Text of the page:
Well, the expansion (Primal Hunt) was something else entirely. They had upped the difficulty to the unplayable (i had to play on easy, and barely made the last boss in Corporate). And i couldn’t find all the goddamn well-hidden entrances to the next place without a walktrough. And the Predator, who before was all about sneaking and backstabbing, now had suddenly become just another “shooter”. Nowhere to hide. Boring.

    To sum up what i hate in games:
    * Locked up in an area where i HAVE to find a friggin malplaced hidden hole or vent.
    * Difficult areas where i get no chance to re-supply right before.
    * Enemies which the only way i can take them is to know where they are, which essential means i have to die at least once to find them.
    * Games where i have to be exactly perfect on the pixel. Again and again. The reason One why i dislike Formel 1 racing. And loves GTA, its more room for failures than most other car-games.
    * I hate when there is ONLY one damn skill to beat the game. Reason ONE why i hate CS. Way to limiting, as the only skill you really need to be good in is to be able to hit your opponent instantly in the head/chest region.

    Another thing: How much i hate to die in games are also a bit relative to how long it takes to load. Made me hate to die in Oblivion or NWN2. And GTA have close to no loading time, so death there aint really a problem. But i usually doesnt redo the mission until i am close to the area again, driving around in the city just taking my anger out on any poor game-entity who was unfortunately to pass me by.

  25. ngthagg says:

    The worst thing about a situation like shown in Shamus’ video is that there is no need to perfect the skill. You only need to be good enough to do it once out of a hundred times, because once you do it once, you’re done. (Unless there happen to be many other jumps like that.)

    Challenges like that are going to be inherently frustrating because the player leaves them as soon as they are accomplished. It’s always going to be a situation of fail-fail-fail- . . . -fail-succeed. These sorts of things drive me nuts because it’s not a matter of mastering a skill, it’s a matter of acquiring a basic proficiency. I’m okay with spending time to master a game (that’s why I play DDR regularly), but I hate spending time just to become competent.

    I think it reminds me too much of gym class in elementary school.


  26. Jeff says:

    Two to three times.

    The first failure, I use to adapt.
    The second failure, I start thinking, “Dang, I overlooked something. Maybe if I did this…”
    The third failure, I start going, “What? I knew what was going to happen! I planned against that already!”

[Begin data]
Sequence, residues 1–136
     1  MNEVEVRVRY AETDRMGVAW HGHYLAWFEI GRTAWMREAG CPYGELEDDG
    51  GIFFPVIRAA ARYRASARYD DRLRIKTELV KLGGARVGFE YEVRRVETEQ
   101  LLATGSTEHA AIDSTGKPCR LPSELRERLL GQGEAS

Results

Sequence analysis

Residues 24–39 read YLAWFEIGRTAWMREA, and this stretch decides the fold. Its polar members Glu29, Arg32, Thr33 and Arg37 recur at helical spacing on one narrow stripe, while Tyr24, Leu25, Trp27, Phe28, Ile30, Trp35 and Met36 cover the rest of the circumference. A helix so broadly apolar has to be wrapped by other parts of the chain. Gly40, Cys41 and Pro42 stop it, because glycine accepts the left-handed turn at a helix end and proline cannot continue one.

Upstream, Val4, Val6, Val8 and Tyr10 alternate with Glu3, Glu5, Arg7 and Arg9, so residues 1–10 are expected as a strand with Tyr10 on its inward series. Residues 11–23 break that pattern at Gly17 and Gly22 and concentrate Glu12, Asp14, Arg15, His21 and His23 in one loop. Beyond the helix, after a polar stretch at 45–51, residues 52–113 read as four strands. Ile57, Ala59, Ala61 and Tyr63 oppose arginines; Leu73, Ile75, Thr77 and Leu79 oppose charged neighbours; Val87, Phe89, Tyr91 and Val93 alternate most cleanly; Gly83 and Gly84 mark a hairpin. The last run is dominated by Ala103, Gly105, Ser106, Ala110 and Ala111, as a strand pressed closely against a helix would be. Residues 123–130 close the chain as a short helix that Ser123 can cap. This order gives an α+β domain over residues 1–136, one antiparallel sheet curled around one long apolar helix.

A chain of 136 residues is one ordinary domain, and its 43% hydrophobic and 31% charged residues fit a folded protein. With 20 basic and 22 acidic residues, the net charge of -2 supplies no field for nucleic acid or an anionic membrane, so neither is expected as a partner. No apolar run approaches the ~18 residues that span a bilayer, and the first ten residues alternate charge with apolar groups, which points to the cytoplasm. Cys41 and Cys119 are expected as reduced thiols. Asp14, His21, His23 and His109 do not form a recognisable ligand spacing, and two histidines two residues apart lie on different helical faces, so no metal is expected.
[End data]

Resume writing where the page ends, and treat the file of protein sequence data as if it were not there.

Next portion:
The forth failure, I think “WTF? Stupid game.”

  27. Jim says:

    I really cut my chops on GTA III: I could fly the plane effortlessly and had perfected a series of crazy jumps so I had save games with complete side missions: Police, Fire, Ambulance, all 100 Packages with no failures/deaths and having only completed the first “mission” (the one where you drive down the road to your base). Then with all 3 games (III, VC, and SA) I obsessively went through and finished with “perfect” 100% games: 0 deaths, 0 arrests, and in SA no friendly gang deaths (that was a nightmare).

    All that said I would be really disappointed if I didn’t fail quite frequently. I think at this point my expectations are that I’ll get through about 30% without dying (or failing in some other way) once. About 50% I’ll fail once or twice. About 15% I’m going to fail around five or six times, and the remaining 5% I’m probably going to need way more chances to get through.

    As long as that last 5% isn’t part of the core storyline, or it doesn’t seem completely hopeless after 10 tries, it doesn’t bother me. However I credit part of my acceptance as part of the obsessive way I play the GTA games. If I didn’t fail around this rate I’d feel like I had gotten kind of ripped off. I see the goal of 100% being that I basically get a Sandbox game. I have access to everything the game can offer (money, weapons, vehicles, outfits).

  28. Kevin says:

    It kind of depends, but it’s generally the point where I’m sitting there thinking, “This isn’t fun anymore.” After all, I didn’t spend my money on the game in order to feel frustrated, I wanted to enjoy myself. If I die 30 times trying to beat the final boss then the final victory comes not as an immense feeling of achievement but as a release from the pain. GTA in particular is irritating to me because I do so much love the concept. But I won’t spend my money on it anymore because I just walk away feeling angry, and that’s just not fun.

  29. Stranger says: